Homeownership is something many of us aspire to, but there’s a big difference between having dreams and actually taking the steps necessary to reach them. Buying your first home can change your life—but it may also take some big life changes to get there in the first place.
I bought my first property when I was just 20 years old, and now, as a real estate advisor in Victoria, BC, I’m passionate about helping my clients achieve their real estate goals.
Keep reading for my advice for anyone trying to prepare for homeownership—whether you’d like to buy a home in a few months, or a few years.
How To Prepare For Homeownership
Perhaps you spend a lot of time daydreaming while you scroll MLS listings. Daydreams are great, but there are two big areas to tackle when you’d like to make them a reality.
Make A Smart Budget
Like I said, daydreaming is great, but figuring out how much you’ll actually need for your dream or investment home can be even better. Decide where you want to live, and along with any must-have features for your home. Size, location, and age all play a factor in how homes are valued. Do you need to have a pool? A finished basement? Good schools in the area?
Once you’ve answered these questions, you can more realistically gauge what your potential home will cost. That’s critical information, because you can use it to determine what a down payment might be. Knowledge is power, and when you have this knowledge, you can make a plan for your future that includes owning your own home.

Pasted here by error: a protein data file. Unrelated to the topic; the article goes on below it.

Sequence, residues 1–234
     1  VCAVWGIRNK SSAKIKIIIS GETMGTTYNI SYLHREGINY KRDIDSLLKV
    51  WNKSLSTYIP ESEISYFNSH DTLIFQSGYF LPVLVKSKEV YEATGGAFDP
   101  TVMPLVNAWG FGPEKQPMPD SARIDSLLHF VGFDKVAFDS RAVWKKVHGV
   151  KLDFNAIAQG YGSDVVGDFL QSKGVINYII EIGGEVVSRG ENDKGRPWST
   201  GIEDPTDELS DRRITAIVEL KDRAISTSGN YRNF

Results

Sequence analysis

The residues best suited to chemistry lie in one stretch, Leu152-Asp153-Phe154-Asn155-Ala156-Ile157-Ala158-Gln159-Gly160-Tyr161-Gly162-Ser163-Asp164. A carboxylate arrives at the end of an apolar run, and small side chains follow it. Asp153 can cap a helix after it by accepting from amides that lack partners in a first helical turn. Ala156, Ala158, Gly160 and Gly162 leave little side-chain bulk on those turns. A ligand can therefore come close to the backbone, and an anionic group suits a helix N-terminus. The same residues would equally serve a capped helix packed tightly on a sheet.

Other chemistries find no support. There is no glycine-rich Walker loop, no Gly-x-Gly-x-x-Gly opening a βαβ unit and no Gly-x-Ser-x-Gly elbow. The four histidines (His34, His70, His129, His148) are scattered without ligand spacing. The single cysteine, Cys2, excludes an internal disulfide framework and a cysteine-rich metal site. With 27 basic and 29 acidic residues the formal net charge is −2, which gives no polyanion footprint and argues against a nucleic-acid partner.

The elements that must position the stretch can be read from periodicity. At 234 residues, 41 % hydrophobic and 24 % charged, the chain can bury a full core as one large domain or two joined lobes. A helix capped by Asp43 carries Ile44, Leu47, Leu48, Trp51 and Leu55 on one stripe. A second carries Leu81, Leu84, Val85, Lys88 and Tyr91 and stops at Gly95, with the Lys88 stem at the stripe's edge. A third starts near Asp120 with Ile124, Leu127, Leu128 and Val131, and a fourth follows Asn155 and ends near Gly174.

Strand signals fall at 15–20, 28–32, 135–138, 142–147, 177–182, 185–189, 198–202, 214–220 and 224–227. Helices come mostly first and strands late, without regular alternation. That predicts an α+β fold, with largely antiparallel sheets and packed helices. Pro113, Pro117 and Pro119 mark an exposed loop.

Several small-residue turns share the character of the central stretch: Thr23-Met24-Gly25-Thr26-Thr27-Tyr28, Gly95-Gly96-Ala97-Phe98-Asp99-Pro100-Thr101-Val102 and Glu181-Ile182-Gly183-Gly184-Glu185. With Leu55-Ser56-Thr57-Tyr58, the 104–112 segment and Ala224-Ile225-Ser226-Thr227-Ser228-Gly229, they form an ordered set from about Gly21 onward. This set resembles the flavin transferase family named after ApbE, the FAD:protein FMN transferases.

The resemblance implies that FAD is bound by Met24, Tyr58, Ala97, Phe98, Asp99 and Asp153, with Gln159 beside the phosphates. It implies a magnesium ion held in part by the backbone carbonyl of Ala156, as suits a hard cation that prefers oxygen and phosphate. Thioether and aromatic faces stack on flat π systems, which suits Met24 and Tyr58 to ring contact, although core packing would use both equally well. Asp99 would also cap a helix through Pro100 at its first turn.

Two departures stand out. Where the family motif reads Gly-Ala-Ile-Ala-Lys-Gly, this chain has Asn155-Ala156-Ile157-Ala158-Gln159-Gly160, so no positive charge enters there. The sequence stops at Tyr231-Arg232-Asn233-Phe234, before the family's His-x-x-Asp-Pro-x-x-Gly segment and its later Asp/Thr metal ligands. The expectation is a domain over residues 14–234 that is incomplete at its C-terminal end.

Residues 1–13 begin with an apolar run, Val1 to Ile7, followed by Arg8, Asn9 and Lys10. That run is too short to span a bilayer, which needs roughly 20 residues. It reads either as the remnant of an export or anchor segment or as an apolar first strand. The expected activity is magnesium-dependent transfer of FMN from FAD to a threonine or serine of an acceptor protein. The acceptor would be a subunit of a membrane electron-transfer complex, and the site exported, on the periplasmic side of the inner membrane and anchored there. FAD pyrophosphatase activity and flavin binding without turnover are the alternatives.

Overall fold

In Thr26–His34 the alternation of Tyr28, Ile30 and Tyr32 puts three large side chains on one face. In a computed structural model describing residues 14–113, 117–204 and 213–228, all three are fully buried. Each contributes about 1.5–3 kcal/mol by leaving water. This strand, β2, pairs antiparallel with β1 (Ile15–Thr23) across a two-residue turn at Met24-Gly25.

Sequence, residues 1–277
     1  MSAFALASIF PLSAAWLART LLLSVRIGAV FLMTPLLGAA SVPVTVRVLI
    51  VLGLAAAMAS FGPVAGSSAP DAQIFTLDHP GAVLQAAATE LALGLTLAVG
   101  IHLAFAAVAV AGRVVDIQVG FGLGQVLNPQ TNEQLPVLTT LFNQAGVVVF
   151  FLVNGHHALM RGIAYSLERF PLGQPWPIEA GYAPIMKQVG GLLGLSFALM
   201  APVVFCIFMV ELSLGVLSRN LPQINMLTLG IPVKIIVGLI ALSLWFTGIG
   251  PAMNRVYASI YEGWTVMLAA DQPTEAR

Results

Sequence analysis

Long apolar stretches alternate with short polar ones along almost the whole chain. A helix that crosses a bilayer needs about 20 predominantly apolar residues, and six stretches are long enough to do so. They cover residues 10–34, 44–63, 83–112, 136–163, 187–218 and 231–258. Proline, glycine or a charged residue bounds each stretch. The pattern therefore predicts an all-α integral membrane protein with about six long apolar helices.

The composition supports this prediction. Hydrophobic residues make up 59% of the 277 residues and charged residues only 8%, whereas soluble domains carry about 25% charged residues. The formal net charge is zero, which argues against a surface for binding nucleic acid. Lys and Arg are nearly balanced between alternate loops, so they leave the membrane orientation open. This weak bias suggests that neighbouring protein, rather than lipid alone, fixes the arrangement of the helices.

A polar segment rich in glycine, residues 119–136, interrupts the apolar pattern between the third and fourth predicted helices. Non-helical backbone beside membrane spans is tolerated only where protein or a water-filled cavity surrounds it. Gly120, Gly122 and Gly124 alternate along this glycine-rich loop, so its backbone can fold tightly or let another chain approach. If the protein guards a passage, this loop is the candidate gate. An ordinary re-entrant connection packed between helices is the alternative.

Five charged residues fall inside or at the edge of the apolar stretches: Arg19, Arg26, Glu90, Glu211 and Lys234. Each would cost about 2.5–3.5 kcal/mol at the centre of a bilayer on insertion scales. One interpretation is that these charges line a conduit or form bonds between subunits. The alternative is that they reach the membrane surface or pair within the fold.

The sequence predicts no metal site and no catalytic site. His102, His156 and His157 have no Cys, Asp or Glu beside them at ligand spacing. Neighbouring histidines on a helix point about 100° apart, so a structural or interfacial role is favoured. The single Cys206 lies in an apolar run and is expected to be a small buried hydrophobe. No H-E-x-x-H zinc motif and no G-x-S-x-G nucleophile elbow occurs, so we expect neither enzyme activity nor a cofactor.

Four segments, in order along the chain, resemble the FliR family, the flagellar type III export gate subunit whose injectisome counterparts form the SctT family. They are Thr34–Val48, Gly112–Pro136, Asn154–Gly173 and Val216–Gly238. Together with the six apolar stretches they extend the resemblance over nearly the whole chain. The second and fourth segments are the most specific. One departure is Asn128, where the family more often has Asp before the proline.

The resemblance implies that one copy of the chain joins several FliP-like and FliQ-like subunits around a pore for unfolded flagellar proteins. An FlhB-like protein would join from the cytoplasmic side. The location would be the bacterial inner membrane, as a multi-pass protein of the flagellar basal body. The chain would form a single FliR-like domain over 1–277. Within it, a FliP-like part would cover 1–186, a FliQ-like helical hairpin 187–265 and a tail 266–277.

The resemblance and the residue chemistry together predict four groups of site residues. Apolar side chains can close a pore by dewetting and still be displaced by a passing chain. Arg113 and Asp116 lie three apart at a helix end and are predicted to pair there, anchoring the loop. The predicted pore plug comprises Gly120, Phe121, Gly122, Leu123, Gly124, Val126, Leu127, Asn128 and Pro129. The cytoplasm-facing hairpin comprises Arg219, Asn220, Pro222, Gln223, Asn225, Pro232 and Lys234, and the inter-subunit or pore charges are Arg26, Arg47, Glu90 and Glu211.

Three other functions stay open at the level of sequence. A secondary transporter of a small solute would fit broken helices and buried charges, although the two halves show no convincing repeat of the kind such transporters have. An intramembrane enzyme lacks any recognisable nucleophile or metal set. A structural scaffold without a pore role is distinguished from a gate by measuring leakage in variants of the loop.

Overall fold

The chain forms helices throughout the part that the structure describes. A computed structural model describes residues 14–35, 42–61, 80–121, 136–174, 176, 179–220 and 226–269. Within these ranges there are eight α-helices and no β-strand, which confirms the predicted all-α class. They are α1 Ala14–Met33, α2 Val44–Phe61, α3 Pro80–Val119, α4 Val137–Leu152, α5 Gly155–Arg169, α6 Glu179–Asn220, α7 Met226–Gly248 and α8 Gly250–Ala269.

Finally, note that the Canada Mortgage and Housing Corporation (CMHC) recommends that your monthly home costs (ie, mortgage and utilities) shouldn’t be more than 25% of your gross monthly income. You can use this when determining what your future budget should include.
Make A Smart Plan
Armed with all this knowledge, you can start to make a more realistic plan for your life and finances that will put you in the right position to buy.
First, it’s always best to plan for a bigger down payment. If it’s going to take you 5 years to save up enough—great. Now you know what you’re shooting for. 10 years? That’s ok, too. Just be honest with yourself, and with how you’ll need to budget for the next little while.
While you’re trying to save money, don’t take out any new major loans, work on your credit rating, and try to find new sources of income if possible. Again, hopefully you’ve done the work to figure out how much you need to save and/or earn to get the right home, which can help with figuring out how long you need to save (and what expenses you might need to cut).
When you’re ready to make the leap, it’s time to get pre-approved for your mortgage by the bank, and then we can start the fun process of helping you find your home! Whether you’re planning to stay put for a while or hoping to make a good investment you can leverage for a future forever home, I’m here to help.